Los Angeles Times
December 6, 2005
WHILE THE BUSH ADMINISTRATION has been busy trying to promote democracy in the Middle East, Vladimir V. Putin has been slowly suffocating Russia's nascent democracy.
Putin's latest assaults on freedom include: legislation that would restrict foreign funding of nongovernmental organizations and impose registration requirements that would keep them under the Kremlin's thumb; a court decision that could bar the right-wing party Rodina, the only realistic opposition challenger, from competing in parliamentary elections; interrogations, arrests and attempts to disbar defense lawyers who dare to represent Kremlin enemies; and sham elections in Chechnya.
Although Russia has been helpful to the United States and Europe in proposing a way out of the Iranian nuclear deadlock, it plans to sell surface-to-air missiles to Tehran. Moscow also rushed in to profit from the Bush administration's principled stand against a bloody crackdown on protesters in Uzbekistan. After the Uzbeks announced they would evict U.S. forces from their bases in retaliation for American pressure over human rights, Russia pledged to step up military cooperation with Uzbekistan.
Unfortunately, the Bush administration has little leverage to persuade Putin to moderate his increasingly authoritarian ways. And any attempt by the United States to mount roadblocks to Russia's accession to the World Trade Organization, as some in Congress favor, would likely backfire.
First, the economic reforms required of Russia for WTO membership would help build a prosperous free market in the country, which is in the U.S. national interest. Second, such an attempt would lead nationalist Russians to conclude, rightly, that the United States was discriminating against Russia while allowing China to join the trade body, fueling Russian paranoia that the West is trying to keep its old nemesis poor and weak.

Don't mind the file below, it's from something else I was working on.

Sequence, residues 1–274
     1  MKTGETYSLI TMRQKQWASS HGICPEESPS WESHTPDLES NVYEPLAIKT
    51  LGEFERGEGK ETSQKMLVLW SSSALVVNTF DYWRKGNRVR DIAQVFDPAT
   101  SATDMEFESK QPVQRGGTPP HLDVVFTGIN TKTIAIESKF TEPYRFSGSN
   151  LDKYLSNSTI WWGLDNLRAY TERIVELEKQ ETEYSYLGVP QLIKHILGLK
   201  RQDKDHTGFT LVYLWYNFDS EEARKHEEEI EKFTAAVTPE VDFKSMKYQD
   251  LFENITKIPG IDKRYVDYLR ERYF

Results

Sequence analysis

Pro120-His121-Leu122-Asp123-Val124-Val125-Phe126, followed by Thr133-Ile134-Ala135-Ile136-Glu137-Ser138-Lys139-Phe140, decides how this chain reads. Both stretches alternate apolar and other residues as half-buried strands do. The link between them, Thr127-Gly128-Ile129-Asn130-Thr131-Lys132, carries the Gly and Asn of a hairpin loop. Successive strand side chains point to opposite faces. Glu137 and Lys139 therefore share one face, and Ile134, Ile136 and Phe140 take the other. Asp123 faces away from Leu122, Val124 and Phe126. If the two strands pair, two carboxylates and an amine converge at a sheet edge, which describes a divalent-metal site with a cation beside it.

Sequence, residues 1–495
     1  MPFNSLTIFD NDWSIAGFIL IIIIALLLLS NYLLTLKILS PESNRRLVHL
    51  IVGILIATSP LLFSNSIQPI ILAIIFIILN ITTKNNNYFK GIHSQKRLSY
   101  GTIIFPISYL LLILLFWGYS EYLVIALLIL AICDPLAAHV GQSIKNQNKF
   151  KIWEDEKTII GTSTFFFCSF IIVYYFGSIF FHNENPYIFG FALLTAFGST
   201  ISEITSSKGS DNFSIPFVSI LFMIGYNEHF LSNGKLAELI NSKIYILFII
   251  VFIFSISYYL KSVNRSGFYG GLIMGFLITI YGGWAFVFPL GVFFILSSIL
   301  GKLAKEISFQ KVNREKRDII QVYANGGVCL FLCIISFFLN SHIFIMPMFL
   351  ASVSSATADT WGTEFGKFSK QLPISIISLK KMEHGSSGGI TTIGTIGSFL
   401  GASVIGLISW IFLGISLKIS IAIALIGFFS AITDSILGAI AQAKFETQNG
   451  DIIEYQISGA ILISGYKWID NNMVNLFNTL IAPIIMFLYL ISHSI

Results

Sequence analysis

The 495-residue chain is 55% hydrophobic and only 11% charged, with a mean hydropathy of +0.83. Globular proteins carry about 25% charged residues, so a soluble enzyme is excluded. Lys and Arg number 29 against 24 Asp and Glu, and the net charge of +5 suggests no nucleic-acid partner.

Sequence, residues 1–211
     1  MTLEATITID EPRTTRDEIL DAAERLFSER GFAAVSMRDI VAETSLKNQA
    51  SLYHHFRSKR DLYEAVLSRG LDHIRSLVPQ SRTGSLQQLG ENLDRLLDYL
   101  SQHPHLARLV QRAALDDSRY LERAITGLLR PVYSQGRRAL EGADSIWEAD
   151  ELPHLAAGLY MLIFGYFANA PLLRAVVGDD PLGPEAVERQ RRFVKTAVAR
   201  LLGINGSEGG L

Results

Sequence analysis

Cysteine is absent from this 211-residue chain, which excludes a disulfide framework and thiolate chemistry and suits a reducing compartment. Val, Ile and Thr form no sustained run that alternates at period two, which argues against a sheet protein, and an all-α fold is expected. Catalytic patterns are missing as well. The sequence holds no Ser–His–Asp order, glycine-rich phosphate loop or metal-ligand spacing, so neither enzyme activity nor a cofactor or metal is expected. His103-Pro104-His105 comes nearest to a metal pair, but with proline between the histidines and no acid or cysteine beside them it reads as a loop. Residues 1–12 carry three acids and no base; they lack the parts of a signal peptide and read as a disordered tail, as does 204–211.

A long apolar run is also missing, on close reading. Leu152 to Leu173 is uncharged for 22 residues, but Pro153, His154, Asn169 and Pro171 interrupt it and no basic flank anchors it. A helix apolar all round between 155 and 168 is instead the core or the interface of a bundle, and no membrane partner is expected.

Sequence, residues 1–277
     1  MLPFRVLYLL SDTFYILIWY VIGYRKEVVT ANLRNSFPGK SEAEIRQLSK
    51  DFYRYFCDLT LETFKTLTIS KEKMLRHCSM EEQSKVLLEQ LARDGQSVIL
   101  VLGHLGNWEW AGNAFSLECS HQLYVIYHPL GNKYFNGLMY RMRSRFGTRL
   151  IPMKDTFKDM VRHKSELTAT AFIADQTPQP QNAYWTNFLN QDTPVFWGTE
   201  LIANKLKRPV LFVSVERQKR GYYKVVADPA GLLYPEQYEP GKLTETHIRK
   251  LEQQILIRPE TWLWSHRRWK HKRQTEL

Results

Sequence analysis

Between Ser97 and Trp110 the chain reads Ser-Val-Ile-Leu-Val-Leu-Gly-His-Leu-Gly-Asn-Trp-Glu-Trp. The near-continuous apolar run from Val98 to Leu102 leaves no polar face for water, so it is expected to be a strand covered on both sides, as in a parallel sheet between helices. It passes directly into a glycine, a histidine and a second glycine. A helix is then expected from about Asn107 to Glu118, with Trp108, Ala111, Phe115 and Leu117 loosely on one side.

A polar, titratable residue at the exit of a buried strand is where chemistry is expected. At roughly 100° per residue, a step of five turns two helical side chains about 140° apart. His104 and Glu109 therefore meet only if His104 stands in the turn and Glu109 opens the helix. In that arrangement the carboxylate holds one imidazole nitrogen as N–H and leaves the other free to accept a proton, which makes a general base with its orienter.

Still, it's time for the Bush administration to recalibrate its relationship with Russia. First, the U.S. should stop referring to it as a democracy. It isn't. The State Department should suspend legislative exchanges with the rubber-stamp Russian Duma, which is fast losing its claim to be a real parliament.
President Bush should warn that Russia is heading in the wrong direction, and he should put the relationship with Putin on a more businesslike footing. He should cooperate in the many areas where cooperation is still possible but drop the rhetoric about Russia and the United States sharing definitions of freedom and human rights, or common values.
Sadly, it's also time to admit that the West erred in prematurely admitting Boris N. Yeltsin's Russia to the Group of Seven industrialized nations. There is no mechanism for suspending Russian membership in what is now the G-8. On Jan. 1, Russia will take over the presidency of the exclusive club of leading world democracies. And next summer, Putin will host Russia's first G-8 summit in St. Petersburg. Putin is planning splendid celebrations to mark the high point of his second term and to portray Russia as one of the world's leading democratic powers. American diplomats should get busy working with the other G-8 nations to deny Putin that photo op.
Former German Chancellor Gerhard Schroeder built a close relationship with Putin independent of the European Union or the transatlantic alliance. The advent of Chancellor Angela Merkel, who has been more cautious about Russia, provides an opening for Germany and the United States to come together in applying pressure on Putin. Though it would be counterproductive to boycott the St. Petersburg summit, it must be turned into an opportunity to express concern over Putin's iron-fisted rule.